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A Homebuilding Pilot's Dream?

New CAD Program Allows You To Design Part, Then Send It To Manufacturer

On this side of the table, we have computer-assisted drawing programs. Over here, we have manufacturers who use CAD renderings to... well, make things. So what would happen if the two were brought together over the internet?

You'd get something like Jim Lewis's eMachineShop. And it could be a big boon for homebuilt aviators and those who meticulously restore vintage aircraft for which parts are no longer available.

Lewis's company contracts with 19 different machine shops around the world to make the parts his customers order. Even though he doesn't advertise, eMachineShop employs 19 people and has reportedly handled more than 1,000 orders since going live online back in June.

"Being able to sit at you home computer, draw up some parts, submit them and 30 days later they are on your doorstep, all without human contact, is mind-blowing," said Dennis Vegh of Mesa (AZ). He told the Associated Press that he's building an aircraft from plans drawn up in 1929.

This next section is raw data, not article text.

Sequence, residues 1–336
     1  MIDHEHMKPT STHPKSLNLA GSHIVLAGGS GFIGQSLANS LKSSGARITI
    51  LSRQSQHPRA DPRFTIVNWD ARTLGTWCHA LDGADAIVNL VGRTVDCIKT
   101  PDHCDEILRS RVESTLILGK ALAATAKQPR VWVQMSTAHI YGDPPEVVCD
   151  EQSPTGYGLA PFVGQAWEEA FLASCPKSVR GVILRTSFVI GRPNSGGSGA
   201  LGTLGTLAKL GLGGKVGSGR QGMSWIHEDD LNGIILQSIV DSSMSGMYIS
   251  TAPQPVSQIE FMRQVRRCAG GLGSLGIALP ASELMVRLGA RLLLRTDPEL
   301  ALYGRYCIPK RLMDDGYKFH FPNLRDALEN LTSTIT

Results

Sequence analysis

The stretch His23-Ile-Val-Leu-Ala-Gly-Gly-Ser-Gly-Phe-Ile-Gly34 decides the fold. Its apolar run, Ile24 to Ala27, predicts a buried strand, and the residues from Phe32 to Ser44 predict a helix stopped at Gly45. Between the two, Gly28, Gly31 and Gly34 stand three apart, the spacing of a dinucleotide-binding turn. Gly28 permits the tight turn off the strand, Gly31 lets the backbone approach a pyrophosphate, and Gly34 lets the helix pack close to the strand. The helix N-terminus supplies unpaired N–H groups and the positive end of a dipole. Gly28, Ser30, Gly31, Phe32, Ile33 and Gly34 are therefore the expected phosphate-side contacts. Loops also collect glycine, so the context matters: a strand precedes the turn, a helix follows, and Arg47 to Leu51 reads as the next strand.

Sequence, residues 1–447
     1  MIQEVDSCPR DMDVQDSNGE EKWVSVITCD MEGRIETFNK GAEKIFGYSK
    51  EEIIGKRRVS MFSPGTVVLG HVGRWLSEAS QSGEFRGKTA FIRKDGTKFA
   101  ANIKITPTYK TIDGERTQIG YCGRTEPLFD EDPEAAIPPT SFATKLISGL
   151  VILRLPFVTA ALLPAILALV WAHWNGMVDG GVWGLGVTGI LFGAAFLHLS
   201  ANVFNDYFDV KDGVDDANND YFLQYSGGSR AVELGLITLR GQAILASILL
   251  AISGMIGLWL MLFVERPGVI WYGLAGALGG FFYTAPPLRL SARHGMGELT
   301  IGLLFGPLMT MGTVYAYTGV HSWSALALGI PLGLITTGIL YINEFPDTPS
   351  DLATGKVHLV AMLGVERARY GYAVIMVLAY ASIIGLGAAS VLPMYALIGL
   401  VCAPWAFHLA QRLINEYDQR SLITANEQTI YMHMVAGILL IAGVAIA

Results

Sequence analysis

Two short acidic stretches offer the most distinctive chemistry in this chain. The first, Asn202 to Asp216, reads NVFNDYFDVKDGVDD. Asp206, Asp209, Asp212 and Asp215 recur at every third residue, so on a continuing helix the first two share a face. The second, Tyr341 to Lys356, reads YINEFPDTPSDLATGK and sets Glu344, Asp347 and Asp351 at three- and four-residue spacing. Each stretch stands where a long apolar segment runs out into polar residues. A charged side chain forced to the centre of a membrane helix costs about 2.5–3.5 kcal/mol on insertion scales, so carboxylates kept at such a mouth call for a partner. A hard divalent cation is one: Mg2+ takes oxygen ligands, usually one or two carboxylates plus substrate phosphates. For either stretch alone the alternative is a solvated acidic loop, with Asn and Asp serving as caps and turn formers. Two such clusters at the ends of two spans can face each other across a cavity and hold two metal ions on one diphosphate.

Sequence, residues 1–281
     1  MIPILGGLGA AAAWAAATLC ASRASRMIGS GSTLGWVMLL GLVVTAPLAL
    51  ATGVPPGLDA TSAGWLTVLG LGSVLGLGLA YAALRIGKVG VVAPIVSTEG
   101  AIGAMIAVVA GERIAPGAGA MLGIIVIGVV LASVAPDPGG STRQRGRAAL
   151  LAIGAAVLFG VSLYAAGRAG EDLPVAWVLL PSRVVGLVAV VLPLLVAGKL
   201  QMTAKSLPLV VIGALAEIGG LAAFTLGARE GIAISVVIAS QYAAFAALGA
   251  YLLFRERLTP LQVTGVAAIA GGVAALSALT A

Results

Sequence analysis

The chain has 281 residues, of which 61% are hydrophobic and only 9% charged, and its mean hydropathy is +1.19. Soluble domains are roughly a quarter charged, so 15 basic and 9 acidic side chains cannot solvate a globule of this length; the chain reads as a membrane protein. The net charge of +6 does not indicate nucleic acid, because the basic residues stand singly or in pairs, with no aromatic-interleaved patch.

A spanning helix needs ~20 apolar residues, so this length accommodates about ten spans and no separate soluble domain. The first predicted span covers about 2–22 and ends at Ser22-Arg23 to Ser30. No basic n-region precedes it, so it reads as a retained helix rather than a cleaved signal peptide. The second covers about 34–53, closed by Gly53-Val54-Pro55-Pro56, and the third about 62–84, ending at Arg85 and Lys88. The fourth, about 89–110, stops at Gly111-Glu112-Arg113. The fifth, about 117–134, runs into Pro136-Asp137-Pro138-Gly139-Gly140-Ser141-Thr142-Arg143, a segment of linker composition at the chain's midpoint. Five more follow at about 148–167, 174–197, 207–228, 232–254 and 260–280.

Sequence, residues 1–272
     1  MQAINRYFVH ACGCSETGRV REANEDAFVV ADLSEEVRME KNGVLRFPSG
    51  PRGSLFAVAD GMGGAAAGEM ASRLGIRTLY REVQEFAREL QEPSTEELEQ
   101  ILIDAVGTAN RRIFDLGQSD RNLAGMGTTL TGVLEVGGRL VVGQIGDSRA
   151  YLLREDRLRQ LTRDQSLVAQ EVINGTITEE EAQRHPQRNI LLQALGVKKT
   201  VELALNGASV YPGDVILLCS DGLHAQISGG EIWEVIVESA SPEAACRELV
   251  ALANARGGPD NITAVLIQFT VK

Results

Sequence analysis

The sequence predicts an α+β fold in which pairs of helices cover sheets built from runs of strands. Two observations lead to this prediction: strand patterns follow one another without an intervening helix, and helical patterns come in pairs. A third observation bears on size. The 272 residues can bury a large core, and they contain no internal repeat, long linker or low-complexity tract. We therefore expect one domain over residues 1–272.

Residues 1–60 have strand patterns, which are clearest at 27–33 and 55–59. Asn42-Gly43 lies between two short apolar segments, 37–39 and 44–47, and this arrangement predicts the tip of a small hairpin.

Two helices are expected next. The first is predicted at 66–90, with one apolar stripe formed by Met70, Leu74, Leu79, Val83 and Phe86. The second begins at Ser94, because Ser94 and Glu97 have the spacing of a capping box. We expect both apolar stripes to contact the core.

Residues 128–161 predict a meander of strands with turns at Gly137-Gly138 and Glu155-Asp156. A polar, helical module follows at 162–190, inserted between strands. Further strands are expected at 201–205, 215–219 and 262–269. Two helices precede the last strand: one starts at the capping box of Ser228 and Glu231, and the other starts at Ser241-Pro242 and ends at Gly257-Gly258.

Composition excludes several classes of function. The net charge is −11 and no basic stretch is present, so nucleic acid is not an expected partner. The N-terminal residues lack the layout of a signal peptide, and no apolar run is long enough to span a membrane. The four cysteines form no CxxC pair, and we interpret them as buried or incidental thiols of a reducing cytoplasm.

"I had to have the pieces made because they do not exist anywhere," Vegh said.

Aside from the direct-connect with manufacturers, eMachineShop has an interface it promises won't let you make a mistake when you're designing your dream part. For instance, if we're talking sheet metal, the program won't allow you to design a bend so close to the edge that the machinist can't do it right.

"My dream is essentially to become the Amazon in the manufacturing segment," Lewis told the AP.

Lewis said it takes about 30 days from the time the CAD is sent to his company before the part is delivered.

FMI: www.emachineshop.com

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